Goes with the territory of questioning the misconceptions of a liberal.

  51. anjin-san says:

    Bithead & anjin-san,
    Don’t you guys get tired of this?

    It’s the Itchy & Scratchy showwwwwwwwww

    But you point is well taken. Its a bit like the old line about trying to teach a pig to sing….

  52. Michael says:

    All good conversations .. even ones happening in the first person… wander a bit while exploring various aspects of the original point.

    There’s wandering a bit, and stepping into the Twilight Zone. I think that you and anjin-san, on this thread, have hit the later.

    Ankin made an argument with a hole large enough to drive a truck through it, and I made note of the hole. Instead of simply acknoledging the point, he dances.

    But it takes two to tango, as they say, and you eagerly followed his lead.

  53. anjin-san says:

    (Chuckle) Yet, you seem to have no problem whateverattriuting YOUR meaning to his words, apparently ignoring in this case, Churchill’s own quote:

    I am not the one arguing that his words cannot be taken at face value, in fact, I do take them as such, so your point is meaningless. I provided, in some detail, the context for the quote, which you initially claimed I had taken out of context.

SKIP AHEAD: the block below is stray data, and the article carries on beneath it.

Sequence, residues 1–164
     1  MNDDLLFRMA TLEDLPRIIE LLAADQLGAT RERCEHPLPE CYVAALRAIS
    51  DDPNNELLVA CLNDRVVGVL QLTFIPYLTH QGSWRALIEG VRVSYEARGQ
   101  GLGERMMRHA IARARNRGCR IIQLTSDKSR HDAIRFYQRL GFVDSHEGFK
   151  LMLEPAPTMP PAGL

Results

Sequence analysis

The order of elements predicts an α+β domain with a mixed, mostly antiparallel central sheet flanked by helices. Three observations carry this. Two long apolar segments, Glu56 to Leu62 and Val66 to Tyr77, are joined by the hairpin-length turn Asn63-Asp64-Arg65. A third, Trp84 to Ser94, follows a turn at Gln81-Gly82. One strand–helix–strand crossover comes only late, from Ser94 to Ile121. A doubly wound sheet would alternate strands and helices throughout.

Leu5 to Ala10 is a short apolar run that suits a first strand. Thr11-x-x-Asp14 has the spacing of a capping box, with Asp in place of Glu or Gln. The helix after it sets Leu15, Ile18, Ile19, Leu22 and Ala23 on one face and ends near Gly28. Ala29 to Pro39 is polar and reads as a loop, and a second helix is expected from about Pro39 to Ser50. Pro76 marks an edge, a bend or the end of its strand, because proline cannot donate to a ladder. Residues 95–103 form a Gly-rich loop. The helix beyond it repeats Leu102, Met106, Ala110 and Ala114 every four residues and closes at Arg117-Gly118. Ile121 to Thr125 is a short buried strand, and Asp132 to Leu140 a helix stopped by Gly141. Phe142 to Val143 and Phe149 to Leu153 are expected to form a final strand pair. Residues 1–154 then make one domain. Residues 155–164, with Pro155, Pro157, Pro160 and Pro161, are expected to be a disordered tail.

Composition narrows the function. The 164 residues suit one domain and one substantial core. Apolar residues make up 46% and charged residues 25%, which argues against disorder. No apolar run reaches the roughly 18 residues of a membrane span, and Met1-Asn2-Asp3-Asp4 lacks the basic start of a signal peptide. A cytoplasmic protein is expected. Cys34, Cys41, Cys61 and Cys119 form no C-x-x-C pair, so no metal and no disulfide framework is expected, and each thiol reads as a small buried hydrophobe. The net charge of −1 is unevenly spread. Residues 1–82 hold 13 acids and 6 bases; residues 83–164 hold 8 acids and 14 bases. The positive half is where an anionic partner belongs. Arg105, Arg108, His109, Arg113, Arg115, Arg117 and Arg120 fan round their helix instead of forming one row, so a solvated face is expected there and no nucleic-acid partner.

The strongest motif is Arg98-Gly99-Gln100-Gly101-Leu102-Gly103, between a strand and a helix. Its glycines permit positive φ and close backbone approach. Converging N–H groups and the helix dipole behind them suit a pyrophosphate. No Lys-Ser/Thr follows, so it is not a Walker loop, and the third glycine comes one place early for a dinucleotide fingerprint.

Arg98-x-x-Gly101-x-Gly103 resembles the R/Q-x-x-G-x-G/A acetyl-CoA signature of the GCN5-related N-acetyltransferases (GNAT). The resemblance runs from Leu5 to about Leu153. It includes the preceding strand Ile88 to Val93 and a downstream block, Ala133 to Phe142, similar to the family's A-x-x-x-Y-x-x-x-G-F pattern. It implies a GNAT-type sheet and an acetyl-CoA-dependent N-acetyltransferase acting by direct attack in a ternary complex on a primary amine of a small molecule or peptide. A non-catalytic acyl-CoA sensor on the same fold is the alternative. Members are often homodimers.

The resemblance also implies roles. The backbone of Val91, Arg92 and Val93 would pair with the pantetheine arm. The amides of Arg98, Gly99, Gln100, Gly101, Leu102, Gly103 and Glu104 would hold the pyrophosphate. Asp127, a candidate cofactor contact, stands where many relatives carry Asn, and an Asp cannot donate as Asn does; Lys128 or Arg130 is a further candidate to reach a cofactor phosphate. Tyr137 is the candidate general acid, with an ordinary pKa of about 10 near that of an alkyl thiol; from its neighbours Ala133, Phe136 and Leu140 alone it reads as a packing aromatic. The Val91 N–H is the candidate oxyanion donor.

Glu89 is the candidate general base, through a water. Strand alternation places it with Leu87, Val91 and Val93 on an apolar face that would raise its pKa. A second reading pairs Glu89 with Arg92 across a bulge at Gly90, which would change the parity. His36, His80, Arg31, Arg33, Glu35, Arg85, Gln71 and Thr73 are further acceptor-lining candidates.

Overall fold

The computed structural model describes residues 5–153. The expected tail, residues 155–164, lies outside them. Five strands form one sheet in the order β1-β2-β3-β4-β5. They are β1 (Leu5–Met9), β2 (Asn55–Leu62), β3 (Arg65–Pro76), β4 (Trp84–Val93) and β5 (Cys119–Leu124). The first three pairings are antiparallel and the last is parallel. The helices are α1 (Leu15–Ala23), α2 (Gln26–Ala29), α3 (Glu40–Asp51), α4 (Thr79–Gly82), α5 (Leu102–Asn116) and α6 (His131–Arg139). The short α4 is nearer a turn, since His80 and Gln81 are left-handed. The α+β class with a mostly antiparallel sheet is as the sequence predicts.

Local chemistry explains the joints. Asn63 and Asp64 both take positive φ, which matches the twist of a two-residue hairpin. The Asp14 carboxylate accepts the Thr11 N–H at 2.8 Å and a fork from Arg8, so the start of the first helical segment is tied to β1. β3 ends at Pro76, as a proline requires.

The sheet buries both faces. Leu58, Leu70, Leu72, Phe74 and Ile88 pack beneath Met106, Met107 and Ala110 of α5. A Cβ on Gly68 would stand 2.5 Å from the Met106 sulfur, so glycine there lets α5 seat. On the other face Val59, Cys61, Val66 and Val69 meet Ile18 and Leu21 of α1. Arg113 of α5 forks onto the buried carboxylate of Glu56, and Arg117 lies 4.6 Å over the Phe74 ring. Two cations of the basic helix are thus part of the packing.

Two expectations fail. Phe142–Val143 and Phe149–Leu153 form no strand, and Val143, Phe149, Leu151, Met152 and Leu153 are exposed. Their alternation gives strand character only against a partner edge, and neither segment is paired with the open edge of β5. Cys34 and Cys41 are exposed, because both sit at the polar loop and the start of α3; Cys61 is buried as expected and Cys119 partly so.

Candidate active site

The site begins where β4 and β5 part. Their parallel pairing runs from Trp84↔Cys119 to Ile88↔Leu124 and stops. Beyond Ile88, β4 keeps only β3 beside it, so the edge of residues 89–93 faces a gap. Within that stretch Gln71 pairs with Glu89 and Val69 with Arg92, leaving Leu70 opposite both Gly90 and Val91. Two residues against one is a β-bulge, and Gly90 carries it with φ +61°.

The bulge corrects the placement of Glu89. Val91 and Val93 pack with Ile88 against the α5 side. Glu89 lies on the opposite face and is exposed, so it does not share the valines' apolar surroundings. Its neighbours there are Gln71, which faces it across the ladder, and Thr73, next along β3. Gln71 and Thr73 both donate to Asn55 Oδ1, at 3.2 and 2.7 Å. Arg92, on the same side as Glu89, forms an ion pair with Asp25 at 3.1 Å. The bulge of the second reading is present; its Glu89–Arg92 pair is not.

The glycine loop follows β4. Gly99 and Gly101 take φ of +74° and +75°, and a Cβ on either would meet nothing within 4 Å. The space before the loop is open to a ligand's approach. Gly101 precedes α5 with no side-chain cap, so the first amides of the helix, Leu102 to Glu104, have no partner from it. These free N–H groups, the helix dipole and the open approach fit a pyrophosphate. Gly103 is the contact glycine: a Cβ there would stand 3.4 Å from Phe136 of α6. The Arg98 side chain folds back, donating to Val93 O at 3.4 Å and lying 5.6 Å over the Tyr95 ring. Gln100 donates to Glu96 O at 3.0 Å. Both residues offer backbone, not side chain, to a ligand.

I almost never agree with you, but you are reasonably good at creating semantic smokescreens to obfuscate the fact that your arguments are not very good. Recommended reading:

    Language in Action by S.I. Hayakawa

    Its an excellent extension on the work of Korzybski.

    And yes, I do know Hayakawa was a conservative. There are more than a few conservatives I admire…

  54. anjin-san says:

    I think that you and anjin-san, on this thread, have hit the later.

    And what is that to you? Feel free to ignore our conversation. I like to argue about politics, and apparently, so does bit. It’s all in good fun, I make no claim to be a member of the Princeton Debate Team.

    As long as James does not object to our discussion, I see no reason why we should not have at it…

  55. Bithead says:

    I am not the one arguing that his words cannot be taken at face value, in fact, I do take them as such, so your point is meaningless.

    Here what this comes out at;